The Round Church is a unique extant product of a related set of experiments in meetinghouse construction in New Hampshire and Vermont. The sixteen-sided, two-story frame building, fifty feet in diameter, rises through a hipped roof to a two-stage octagonal belfry, terminating in a bellcast cap and weathervane. Detailing is limited to a plain frieze beneath the eaves of the main body, Doric columns on the belfry, and simple entablatures on tapering Doric pilasters that surround doors on three faces. The elegantly simple interior works much as a conventional meetinghouse in spite of its polygonal shape. A circumferential and a central aisle organize ranks of box pews, while twin staircases from the small western vestibule lead to a U-shaped gallery carried on slender floor-to-ceiling posts articulated as two stories of columns. An original high pulpit was lowered some time after 1850.
Built on the village common to serve Richmond's Congregationalists, Universalists, Baptists, Methodists, and Christians, this union church was the work of housewright William Rhodes, who documented its construction in his journal. With roots in Claremont, New Hampshire, Rhodes seems to have drawn his inspiration from the polygonal expansions of two broadside New Hampshire meetinghouses—Concord (1801–1803; destroyed 1870) and Claremont (1807; demolished 1895). His innovation was to complete the circle and top it with a cupola, a scheme that was replicated in a short-lived sixteen-sided brick church in Claremont in 1815.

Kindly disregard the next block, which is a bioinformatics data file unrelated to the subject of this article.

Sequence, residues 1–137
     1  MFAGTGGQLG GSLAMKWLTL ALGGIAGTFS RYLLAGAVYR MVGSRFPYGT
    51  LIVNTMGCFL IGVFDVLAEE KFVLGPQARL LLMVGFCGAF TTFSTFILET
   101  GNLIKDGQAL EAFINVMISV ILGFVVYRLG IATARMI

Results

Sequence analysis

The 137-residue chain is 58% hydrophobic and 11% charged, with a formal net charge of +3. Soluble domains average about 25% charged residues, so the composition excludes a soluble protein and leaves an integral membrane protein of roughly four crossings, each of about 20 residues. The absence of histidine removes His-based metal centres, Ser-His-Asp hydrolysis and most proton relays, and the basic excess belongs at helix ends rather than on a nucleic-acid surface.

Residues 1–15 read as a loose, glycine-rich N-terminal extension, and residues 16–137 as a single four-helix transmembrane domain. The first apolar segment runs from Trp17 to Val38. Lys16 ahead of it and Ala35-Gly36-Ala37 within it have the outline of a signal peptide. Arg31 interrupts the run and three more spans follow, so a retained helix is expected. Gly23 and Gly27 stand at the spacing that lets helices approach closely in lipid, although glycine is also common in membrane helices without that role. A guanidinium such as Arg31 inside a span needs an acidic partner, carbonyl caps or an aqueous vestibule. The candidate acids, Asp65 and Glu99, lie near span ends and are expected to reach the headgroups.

As the nineteenth century progressed, Richmond's town center shifted north toward the railroad, leaving the building's setting essentially unaltered. Participating denominations departed, relinquishing the building solely to town use after 1885. In 1973 the deteriorating structure was deemed unsafe for public meetings, and in 1976 it was deeded to the Richmond Historical Society, which over-saw its restoration in 1981 in collaboration with the Vermont Division for Historic Preservation. The beloved building was declared a National Historic Landmark in 2000.